Materials Characterization 09/2014; · 1.88 Impact Factor
  • [Show abstract] [Hide abstract]
    ABSTRACT: A set of computationally generated granular packings of frictionless grains is statistically analyzed using tools from stochastic geometry. We consider both the graph of the solid phase (formed using the particle mid-points) and the pore-phase. Structural characteristics rooted in the analysis of random point processes are seen to yield valuable insights into the underlying structure of granular systems. The graph of the solid phase is analyzed using traditional measures such as edge length and coordination number, as well as more instructive measures of the overall transport properties such as geometric tortuosity, where significant differences are observed in the windedness of paths through the different particle graphs considered. In contrast, the distributions of pore-phase characteristics have a similar shape for all considered granular packings. Interestingly, it is found that prolate and oblate ellipsoid packings show a striking similarity between their solid-phase graphs as well as between their pore-phase graphs.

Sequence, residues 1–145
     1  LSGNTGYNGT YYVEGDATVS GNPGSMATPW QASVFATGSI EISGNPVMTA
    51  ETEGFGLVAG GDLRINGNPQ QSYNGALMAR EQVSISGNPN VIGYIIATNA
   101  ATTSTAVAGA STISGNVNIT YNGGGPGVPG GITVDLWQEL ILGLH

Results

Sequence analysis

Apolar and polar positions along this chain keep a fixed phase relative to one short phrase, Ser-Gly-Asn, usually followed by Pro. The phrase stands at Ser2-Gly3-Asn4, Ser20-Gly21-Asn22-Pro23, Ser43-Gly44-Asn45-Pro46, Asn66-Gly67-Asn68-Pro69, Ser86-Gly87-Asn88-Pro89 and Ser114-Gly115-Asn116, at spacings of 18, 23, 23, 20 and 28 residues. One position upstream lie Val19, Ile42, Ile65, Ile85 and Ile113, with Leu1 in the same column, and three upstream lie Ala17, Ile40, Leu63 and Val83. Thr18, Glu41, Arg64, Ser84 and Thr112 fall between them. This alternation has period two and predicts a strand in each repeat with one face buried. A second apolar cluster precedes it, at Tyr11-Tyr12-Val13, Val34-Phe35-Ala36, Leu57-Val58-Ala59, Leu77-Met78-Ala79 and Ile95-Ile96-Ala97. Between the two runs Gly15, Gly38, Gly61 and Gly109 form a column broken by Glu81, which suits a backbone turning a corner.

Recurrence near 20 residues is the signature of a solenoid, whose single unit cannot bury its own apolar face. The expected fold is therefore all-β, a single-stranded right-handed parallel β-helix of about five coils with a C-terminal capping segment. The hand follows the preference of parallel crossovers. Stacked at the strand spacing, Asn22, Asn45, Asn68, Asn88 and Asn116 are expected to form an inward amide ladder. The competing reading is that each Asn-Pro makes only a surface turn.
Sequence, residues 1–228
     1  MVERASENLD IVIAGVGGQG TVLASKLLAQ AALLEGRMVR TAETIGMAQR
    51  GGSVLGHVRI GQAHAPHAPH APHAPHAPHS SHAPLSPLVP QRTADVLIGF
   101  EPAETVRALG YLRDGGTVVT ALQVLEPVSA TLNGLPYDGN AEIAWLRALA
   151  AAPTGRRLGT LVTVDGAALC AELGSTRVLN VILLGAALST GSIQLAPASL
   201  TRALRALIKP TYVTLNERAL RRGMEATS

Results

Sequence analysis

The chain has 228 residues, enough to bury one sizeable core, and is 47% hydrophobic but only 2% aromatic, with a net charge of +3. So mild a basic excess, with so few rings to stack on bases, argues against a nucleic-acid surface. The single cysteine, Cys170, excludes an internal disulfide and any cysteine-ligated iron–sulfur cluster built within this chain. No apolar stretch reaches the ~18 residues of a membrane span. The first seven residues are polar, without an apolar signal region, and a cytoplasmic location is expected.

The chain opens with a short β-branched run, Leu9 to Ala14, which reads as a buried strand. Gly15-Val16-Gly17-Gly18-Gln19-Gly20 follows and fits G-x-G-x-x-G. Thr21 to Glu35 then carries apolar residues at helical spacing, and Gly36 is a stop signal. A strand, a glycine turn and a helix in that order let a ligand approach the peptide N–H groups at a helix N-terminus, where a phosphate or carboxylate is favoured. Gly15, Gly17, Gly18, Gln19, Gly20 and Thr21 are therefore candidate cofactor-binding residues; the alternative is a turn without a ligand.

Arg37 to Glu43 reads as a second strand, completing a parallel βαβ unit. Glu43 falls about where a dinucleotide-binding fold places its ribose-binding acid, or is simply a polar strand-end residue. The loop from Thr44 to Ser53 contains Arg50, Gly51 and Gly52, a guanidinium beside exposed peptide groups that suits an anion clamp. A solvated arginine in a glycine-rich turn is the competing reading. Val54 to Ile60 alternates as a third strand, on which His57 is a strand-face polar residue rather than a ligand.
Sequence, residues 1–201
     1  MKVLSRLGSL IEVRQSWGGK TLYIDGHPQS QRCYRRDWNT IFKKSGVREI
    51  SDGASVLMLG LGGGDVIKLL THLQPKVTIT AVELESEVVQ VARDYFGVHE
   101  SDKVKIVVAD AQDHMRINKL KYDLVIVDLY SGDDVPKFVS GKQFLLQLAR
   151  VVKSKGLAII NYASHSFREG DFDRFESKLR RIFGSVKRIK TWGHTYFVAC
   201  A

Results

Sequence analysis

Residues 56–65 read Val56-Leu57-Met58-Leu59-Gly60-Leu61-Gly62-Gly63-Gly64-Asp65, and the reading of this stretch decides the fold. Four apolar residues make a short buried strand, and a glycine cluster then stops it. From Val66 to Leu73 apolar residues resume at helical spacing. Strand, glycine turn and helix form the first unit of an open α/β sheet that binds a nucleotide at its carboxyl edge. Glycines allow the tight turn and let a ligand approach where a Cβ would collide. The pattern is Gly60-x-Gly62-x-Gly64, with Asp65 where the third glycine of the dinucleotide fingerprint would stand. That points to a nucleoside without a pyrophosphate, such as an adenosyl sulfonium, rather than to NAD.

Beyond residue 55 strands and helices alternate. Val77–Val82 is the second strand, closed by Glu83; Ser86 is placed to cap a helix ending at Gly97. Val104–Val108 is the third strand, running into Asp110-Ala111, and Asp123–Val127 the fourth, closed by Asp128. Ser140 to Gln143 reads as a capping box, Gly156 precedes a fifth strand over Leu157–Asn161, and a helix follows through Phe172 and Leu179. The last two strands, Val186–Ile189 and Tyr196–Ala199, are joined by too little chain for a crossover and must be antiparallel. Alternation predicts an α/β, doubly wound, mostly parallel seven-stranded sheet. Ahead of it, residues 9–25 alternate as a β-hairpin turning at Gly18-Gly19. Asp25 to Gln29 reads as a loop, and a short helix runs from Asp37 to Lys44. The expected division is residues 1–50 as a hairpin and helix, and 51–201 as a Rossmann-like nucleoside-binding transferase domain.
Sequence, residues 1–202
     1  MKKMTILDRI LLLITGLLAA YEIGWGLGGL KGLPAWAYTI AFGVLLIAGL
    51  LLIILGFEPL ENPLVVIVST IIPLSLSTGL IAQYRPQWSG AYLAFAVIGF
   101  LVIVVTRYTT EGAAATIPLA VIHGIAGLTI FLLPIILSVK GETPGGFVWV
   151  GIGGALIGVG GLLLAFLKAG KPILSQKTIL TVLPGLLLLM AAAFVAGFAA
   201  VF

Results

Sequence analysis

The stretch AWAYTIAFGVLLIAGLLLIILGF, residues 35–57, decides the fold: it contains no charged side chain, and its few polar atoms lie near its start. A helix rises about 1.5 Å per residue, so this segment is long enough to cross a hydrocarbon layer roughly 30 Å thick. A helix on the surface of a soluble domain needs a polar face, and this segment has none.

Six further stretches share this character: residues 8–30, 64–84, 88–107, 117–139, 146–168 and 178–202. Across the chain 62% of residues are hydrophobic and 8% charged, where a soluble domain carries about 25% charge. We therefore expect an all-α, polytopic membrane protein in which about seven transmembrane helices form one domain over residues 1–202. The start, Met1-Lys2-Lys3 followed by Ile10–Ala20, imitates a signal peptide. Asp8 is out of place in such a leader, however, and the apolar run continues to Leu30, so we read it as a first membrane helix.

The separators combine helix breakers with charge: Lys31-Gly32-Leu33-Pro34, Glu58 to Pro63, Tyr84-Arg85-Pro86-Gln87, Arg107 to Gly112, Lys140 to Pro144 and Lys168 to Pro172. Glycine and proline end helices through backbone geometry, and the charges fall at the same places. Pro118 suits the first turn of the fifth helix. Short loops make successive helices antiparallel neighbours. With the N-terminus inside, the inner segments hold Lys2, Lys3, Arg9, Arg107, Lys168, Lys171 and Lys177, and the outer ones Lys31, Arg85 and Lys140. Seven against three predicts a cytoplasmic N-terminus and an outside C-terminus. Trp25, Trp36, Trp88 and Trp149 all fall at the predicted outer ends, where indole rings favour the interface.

Granular Matter 08/2014; 16(4). · 1.50 Impact Factor
  • [Show abstract] [Hide abstract]
    ABSTRACT: The relationship between the 3D morphology of gas-diffusion layers (GDL) of HT-PEFCs and their functionality is analyzed. A stochastic model describing the microstructure of paper-type GDL is combined with the Lattice-Boltzmann method (LBM) to simulate gas transport within the GDL microstructure. Virtual 3D microstructures representing paper-type GDL are generated by a stochastic model, where the binder morphology is systematically modified. On these structures, single phase single component gas flow is computed by the LBM. Quality criteria evaluating the spatial homogeneity of gas supply are introduced and related to the binder morphology. The spatial homogeneity of the gas supply is analyzed by a parametrized stochastic model describing the gas flow at the exit of the GDL. This approach gives insight into the spatial structure of the gas flow at the GDL exit. The quality of gas supply is quantified by characterizing size and arrangement of regions with high gas supply. This stochastic gas flow model predicts the quality of gas supply for further binder morphologies. Analyzing the quality criteria and the stochastic evaluation of the spatial structure of the gas flow field at the GDL exit, it is found that the binder morphology has an essential influence on the gas supply.